The details of financial arrangements, operational and implementation issues are still not public, the collaboration it is believed remains subject to further approvals from authorities, including amendments to the Prevention of Money Laundering Laws, which would be a major concession to enable the project take off.
Incidentally, one of the big reasons for participants using SGX is the Omnibus account structure, wherein the details of end client of the beneficiary are not known to the Exchange and in many cases to its intermediaries, which poses a significant Money Laundering risk affecting our economic and national security.
Potentially, no trading member, clearing member, institutional investor of SGX, which are some of the marque names, would then be incentivized or find it worthwhile to ever set up a presence at GIFT IFSC, since they can easily access all IFSC products from Singapore, killing the potential of GIFT IFSC forever.
The settlements of trades would take place at SGX for those trades which are netted out and required to be settled between SGX members and other trades would be settled at the NSE International Clearing. In essence, SGX therefore would continue to retain its participants, order flows, settle trades, offer margin offsets, earn its fees, leaving no development of markets, creating an investor base at GIFT IFSC.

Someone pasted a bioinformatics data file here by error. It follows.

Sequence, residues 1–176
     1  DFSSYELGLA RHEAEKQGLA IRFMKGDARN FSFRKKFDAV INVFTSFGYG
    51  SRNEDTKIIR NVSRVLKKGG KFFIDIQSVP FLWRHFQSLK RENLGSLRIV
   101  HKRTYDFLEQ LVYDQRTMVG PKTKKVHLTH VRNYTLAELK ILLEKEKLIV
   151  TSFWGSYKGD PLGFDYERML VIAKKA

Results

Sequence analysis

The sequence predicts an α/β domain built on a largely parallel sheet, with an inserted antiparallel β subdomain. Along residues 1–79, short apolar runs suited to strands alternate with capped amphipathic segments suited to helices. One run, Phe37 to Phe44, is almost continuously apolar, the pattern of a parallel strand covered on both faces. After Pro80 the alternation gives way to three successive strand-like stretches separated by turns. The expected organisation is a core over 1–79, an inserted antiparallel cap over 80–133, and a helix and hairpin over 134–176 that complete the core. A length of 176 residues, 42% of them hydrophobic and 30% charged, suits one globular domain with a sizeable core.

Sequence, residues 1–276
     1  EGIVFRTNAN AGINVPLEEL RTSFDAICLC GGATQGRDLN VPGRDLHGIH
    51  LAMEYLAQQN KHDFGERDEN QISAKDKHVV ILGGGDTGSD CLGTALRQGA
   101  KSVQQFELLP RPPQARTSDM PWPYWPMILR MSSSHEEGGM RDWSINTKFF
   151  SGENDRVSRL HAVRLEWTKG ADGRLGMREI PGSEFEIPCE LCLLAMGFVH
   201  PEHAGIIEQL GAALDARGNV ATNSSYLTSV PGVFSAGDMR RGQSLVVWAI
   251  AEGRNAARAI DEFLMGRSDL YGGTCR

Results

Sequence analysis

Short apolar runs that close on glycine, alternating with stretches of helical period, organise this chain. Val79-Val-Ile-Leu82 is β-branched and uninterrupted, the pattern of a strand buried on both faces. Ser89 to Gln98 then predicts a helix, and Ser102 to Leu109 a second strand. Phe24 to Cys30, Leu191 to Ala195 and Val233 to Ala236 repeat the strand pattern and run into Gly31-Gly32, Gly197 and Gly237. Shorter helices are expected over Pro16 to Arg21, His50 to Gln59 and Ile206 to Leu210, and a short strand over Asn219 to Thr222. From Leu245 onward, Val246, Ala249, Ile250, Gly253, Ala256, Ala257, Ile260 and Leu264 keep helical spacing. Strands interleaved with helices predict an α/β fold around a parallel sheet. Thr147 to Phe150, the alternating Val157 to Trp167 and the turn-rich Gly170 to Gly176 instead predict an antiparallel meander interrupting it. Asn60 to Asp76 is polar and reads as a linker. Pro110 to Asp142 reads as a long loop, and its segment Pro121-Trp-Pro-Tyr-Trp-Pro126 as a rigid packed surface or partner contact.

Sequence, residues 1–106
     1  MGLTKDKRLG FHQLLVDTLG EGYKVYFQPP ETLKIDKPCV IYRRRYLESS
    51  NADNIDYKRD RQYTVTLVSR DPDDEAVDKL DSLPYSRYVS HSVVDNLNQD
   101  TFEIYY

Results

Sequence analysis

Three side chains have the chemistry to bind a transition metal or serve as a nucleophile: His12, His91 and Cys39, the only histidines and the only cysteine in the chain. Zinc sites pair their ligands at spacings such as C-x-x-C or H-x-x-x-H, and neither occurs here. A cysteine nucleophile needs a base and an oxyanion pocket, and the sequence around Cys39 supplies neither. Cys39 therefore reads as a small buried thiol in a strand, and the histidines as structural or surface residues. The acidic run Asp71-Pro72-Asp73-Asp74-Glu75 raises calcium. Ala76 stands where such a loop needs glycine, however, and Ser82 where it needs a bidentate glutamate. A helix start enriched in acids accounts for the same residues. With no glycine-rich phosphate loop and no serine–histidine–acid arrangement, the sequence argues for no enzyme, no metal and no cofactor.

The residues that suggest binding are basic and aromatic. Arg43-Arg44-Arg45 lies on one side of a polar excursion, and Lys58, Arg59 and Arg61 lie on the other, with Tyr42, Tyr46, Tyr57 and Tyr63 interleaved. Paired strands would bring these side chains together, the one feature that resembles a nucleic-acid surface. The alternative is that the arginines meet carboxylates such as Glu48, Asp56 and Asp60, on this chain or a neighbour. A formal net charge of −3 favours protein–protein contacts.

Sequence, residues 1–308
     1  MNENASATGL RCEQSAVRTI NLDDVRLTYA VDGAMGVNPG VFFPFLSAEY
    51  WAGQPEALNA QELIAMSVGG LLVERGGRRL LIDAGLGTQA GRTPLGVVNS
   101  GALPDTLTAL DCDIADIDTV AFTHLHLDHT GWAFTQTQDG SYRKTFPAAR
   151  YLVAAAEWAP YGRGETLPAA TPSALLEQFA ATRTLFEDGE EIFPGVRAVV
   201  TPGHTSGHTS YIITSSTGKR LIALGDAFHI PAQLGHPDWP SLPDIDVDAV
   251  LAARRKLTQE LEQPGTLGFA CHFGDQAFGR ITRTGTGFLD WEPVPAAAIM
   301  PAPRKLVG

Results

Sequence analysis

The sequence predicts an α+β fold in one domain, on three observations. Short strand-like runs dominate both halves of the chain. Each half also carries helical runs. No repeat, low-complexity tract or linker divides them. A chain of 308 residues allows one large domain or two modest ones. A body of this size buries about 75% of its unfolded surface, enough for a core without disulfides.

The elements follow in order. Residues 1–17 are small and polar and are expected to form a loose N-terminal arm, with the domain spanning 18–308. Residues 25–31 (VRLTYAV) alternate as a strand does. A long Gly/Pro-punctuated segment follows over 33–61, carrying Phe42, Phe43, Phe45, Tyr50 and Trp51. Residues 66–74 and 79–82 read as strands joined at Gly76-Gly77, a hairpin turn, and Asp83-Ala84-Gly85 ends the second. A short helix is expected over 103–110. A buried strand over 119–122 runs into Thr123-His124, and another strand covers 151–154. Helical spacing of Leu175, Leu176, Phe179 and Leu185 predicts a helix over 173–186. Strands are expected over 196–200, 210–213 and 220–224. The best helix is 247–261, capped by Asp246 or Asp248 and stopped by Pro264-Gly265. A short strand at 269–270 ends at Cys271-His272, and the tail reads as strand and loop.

The collaboration seems to completely rely on order flows and business emanating from Singapore almost acknowledging that GIFT IFSC does not have any potential or standing of its own to generate business or trading volumes. This could have probable damaging consequences to the reputation of GIFT IFSC.